“The greatest challenge [in Israel] is that people do not understand the severity of an allergy,” Mishell says.
I witnessed this firsthand when we went to a Jerusalem scoop shop and she ordered ice cream with hot fudge. She recited her allergies and the employees nodded in apparent comprehension. However, after one bite her throat started to itch, and we concluded they’d mistakenly given her Nutella – a chocolate-hazelnut spread. We rushed back to our room and she stabbed herself with an epinephrine auto-injector, or EpiPen.
That wasn’t the first or last time she’s needed an EpiPen in a restaurant in Israel through no fault of her own.
In his hometown of Deerfield, IL, 20-year-old Jack Glazer can walk into a restaurant, order a meal, bring up his severe peanut allergy and milder tree nut allergies, and watch a protocol spring into action.
“I don’t even have to explain what I want them to do,” says Glazer, who will break out in hives, experience throat closure and potentially undergo anaphylactic shock if he eats an allergen. “They wash the ice cream scooper. They have separate cones in a different area that are not from a manufacturing plant with shared machinery. As soon as I tell them [my allergies], they’ll put it into the computer system, the person will clean the pan and cook my food on a separate stove.”
Before traveling to Israel for the first time this summer for a Birthright-Taglit heritage trip, Glazer says he was aware that Israel is known as a very difficult country for people with food allergies. To make matters worse, he does not speak Hebrew and knew he would have trouble communicating what he can’t eat.
“Someone I met on Taglit had this little card that in Hebrew explained ‘I can’t eat this; I can’t eat this,’” Glazer recounts. “‘I was like, ‘Oh, can I take a picture? That’s perfect for me.’ Because she had all the same allergies as me.”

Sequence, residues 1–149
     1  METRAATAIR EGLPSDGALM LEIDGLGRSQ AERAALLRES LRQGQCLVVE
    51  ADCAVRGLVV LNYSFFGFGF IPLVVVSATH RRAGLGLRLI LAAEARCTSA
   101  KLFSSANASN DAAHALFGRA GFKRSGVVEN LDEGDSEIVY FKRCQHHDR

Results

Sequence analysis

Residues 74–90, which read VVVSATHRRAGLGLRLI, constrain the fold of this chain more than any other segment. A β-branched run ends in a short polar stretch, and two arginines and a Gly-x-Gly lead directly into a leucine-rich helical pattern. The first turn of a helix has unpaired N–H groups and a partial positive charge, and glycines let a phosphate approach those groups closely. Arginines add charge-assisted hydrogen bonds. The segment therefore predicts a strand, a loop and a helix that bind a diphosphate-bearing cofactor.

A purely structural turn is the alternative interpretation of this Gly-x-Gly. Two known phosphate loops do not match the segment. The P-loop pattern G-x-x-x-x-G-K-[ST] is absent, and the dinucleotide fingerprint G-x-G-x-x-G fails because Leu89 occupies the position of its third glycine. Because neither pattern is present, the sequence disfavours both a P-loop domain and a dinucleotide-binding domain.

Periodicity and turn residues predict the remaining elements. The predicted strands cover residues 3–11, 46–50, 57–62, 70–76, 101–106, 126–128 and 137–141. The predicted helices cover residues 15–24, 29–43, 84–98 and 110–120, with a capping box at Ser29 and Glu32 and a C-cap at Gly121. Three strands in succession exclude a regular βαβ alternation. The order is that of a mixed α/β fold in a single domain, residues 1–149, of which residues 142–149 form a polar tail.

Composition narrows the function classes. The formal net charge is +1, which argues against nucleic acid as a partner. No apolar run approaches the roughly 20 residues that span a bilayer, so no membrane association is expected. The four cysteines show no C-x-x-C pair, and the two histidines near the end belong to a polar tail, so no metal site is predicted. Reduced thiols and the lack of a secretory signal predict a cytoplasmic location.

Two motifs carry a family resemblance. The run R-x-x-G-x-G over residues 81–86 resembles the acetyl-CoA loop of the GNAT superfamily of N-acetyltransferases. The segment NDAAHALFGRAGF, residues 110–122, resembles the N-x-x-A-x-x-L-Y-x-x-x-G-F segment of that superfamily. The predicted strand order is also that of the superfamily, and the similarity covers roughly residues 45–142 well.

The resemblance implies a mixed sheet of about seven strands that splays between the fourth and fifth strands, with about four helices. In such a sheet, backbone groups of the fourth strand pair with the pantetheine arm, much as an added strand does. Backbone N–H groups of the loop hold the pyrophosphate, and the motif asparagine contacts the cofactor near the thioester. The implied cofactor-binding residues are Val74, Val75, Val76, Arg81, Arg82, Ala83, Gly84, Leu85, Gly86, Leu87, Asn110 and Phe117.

Without the card, Glazer says he does not think restaurants would understand his allergies.
“Maybe this is pessimistic, but I don’t really expect Israeli restaurants to start having allergy protocols,” he says. “I don’t think it would be necessarily worth it for a lot of these restaurants, especially the smaller ones, to accommodate people with allergies because there’s so few people with allergies. So while there are a lot of things restaurants could do, I don’t really think they will do them.”
Roni Cohen, a hostess at the Florentina restaurant in Tel Aviv, remembers showing a pregnant Israeli woman to a table. The woman sat, ordered pasta with vegetables and finished her meal. Suddenly, she started scratching her arm hysterically, exclaiming she had a pepper allergy and blaming the waiter for forgetting. The waiter, a co-worker Cohen trusts, was totally perplexed. The restaurant manager immediately footed her bill and Cohen called an ambulance.
“It was so dangerous,” Cohen recalls. “We didn’t know what to do. It was panic for all the restaurant.”
But when the woman refused to ride to the hospital, ambulance personnel worked out what had happened: she lied about her allergy to score a free meal.
“Maybe if we had known what to do, if we had known what she had, then we could have known if it was a real [allergy] or not,” Cohen says. “This is the point.”
The science behind ‘Just eat Bamba’
So, where did food allergies originate? We actually don’t know, according to Dr. Kobi Sade, an allergy, asthma and immunology specialist at Tel Aviv Medical Center. But he has some well-researched guesses.
“There’s an epidemic of food allergies in the world – probably due to the more industrial food we eat, the stressful life we live and too much hygiene,” Sade says.
As for the trope of Bamba being the peanut allergy’s great nemesis? Sade deems it fuzzy, at best.
“Peanut has become one of the main causes of life-threatening allergic reactions in Israel, together with more local food such as sesame,” he explains. “Exposing our kids early in life to food might protect them if it’s done on a daily basis, but we’re still not sure how beneficial it is.”
For Americans with food allergies traveling to Israel, Sade offers his three top pieces of advice: Ask your doctor to prescribe extra EpiPens before your trip due to Israel’s “chronic shortage”; research local allergy specialists in case of a reaction; and learn the Hebrew words for your allergies.
“Start planning early,” Sade sums up. “Be careful.”